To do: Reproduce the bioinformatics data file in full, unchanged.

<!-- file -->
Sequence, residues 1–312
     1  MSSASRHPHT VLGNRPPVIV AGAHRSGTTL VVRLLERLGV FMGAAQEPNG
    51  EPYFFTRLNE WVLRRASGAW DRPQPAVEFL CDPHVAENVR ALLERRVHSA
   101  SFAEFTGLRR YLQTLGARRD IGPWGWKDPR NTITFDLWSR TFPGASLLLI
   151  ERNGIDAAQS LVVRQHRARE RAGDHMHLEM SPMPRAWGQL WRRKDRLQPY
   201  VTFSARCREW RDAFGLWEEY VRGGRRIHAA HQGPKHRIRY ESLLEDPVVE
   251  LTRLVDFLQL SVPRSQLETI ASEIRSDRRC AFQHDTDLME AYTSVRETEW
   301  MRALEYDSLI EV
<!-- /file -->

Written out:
Sequence, residues 1–312
     1  MSSASRHPHT VLGNRPPVIV AGAHRSGTTL VVRLLERLGV FMGAAQEPNG
    51  EPYFFTRLNE WVLRRASGAW DRPQPAVEFL CDPHVAENVR ALLERRVHSA
   101  SFAEFTGLRR YLQTLGARRD IGPWGWKDPR NTITFDLWSR TFPGASLLLI
   151  ERNGIDAAQS LVVRQHRARE RAGDHMHLEM SPMPRAWGQL WRRKDRLQPY
   201  VTFSARCREW RDAFGLWEEY VRGGRRIHAA HQGPKHRIRY ESLLEDPVVE
   251  LTRLVDFLQL SVPRSQLETI ASEIRSDRRC AFQHDTDLME AYTSVRETEW
   301  MRALEYDSLI EV